Since the Treaty of Paris in 1259, England and France had been friends, united by a monarchy with close ties and relationships. So when in 1293 a dispute blew up over a sea fight in the Channel, Edward clearly didn't expect it to become a problem. But in fact Phillip IV (the Fair) of France was keen to strengthen the power of the French monarchy – and that didn't include having Gascony controlled by a foreign king.
The Sucker Punch
Edward sent his brother Edmund of Lancaster to negotiate with Phillip. Together it sounded as thought they'd stitched up a nice face-saving deal. Publicly, Phillip would confiscate Gascony from his vassal, Edward Duke of Gascony, to keep his nobles happy and his brother Charles of Valois. But then he'd invite Edward to Amiens, where he'd hand them back again on favourable terms.
Edward spent no time discussing any of this with his magnates; as far as he was concerned, Phillip was family and Edmund was of course his brother. So what could go wrong? Duly in 1294, Gascony and almost all its towns where handed over in 1294.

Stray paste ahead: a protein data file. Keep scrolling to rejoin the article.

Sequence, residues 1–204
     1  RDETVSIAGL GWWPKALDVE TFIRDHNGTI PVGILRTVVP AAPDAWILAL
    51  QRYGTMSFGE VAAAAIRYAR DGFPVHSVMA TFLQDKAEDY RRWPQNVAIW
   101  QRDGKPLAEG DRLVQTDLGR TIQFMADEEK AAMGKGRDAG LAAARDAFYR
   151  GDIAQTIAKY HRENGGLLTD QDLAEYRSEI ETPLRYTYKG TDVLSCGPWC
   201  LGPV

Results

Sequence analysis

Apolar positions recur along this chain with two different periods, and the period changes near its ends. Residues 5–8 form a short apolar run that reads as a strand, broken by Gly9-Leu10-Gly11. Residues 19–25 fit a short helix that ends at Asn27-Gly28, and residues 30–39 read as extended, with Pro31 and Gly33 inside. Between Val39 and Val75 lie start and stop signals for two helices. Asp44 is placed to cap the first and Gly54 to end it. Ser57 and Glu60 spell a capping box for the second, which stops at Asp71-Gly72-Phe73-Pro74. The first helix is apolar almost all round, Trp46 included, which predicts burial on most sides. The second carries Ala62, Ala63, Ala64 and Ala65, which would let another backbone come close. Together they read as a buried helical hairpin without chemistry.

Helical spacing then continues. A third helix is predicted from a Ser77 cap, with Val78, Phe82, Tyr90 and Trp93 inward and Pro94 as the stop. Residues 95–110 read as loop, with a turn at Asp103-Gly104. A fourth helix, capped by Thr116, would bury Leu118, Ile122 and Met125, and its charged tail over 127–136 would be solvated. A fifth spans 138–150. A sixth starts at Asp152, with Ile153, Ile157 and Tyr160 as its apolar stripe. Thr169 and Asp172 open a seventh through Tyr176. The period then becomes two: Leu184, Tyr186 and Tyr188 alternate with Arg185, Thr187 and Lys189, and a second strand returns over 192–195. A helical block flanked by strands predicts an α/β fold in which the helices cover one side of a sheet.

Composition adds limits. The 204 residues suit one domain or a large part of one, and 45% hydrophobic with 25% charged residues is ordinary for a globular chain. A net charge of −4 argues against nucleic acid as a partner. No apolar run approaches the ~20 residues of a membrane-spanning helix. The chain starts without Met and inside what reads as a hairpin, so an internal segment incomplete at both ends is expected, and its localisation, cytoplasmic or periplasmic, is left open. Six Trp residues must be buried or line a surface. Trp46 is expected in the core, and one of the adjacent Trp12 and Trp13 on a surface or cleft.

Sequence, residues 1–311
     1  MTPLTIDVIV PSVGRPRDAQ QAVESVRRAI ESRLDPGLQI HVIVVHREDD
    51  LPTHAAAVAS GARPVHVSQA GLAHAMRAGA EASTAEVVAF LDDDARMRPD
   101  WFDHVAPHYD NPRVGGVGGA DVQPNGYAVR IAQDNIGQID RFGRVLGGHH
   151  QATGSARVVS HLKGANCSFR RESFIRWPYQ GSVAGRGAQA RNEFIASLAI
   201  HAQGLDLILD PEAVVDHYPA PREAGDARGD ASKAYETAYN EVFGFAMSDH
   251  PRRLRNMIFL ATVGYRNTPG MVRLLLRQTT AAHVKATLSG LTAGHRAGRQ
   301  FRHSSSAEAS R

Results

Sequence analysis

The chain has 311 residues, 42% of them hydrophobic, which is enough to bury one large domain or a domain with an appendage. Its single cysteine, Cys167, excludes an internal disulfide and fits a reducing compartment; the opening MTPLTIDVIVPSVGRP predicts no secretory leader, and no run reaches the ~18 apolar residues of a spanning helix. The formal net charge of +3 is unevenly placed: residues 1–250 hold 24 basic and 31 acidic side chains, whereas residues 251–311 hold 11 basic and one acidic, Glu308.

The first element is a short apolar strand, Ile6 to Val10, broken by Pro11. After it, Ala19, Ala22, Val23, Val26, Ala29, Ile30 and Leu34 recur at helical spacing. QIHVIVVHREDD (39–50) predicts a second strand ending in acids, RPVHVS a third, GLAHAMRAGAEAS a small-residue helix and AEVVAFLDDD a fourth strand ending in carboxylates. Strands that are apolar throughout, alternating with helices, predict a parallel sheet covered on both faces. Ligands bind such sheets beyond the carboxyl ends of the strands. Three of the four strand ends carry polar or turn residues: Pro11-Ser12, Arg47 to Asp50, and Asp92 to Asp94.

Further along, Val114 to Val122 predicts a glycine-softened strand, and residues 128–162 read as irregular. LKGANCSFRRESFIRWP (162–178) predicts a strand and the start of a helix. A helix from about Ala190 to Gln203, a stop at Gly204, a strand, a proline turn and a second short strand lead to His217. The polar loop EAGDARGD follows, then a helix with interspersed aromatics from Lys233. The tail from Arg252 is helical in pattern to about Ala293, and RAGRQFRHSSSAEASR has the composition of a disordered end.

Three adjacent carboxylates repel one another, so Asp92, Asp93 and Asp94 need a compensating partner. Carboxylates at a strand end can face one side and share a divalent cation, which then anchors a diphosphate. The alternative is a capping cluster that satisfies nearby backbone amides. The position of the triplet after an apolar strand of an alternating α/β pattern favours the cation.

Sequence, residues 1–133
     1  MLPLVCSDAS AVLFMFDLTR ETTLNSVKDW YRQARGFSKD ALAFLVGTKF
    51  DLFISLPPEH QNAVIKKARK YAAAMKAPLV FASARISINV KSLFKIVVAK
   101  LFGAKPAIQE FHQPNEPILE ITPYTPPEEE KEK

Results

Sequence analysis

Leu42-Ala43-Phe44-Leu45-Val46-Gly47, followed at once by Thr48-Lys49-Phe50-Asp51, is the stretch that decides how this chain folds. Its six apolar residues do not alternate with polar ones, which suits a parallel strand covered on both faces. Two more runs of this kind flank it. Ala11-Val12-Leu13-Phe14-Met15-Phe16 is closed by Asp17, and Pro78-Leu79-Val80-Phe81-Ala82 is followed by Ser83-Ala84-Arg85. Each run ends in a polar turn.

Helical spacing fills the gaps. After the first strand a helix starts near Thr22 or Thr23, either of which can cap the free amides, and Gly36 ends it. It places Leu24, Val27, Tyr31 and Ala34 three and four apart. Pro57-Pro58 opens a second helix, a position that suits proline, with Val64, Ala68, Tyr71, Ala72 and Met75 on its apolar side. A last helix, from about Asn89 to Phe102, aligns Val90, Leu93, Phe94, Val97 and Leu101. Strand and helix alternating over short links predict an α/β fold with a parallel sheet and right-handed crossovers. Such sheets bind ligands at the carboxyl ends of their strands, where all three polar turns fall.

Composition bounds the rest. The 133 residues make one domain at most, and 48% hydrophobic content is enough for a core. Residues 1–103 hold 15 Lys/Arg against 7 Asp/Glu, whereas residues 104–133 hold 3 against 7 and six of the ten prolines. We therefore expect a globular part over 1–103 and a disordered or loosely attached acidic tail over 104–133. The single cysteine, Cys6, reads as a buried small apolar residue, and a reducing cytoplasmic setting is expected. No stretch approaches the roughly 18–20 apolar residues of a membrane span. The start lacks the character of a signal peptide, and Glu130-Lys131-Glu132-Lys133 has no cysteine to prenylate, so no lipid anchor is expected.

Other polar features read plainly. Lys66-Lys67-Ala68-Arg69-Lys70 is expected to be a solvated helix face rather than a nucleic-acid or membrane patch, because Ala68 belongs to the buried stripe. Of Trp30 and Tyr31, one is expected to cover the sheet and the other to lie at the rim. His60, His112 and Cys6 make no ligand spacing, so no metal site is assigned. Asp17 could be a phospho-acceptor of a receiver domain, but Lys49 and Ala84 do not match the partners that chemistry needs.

To Edward's horror there was no invitation to Amiens – Gascony was confiscated, and stayed confiscated. With only Bourge, Blaye and Bayonne left in English hands, Edward had been suckered out of his French possessions and would have to win them back.
The Cinque Ports
The cinque ports, and their delightfully medieval character, are a constant companion through English history. There's a great map and article at Wikipedia here
Scotland and 1296
John Balliol has gone down in history as a weak king, but there's no doubt he was in a hideous position. In 1294 Edward demanded he hand over 3 castles. In 1296, Balliol refused, and made alliance with the French.
In response, Edward invaded with an army of 5,000 cavalry and 30,000 foot. His campaign was almost entirely successful – Berwick fell in March, and in April John of Warenne, Earl of Surrey, defeated the Scots at Dunbar.
By August, Balliol had been stripped of his royal rank by Edward and imprisoned in the Tower of London, and Edward had established direct rule.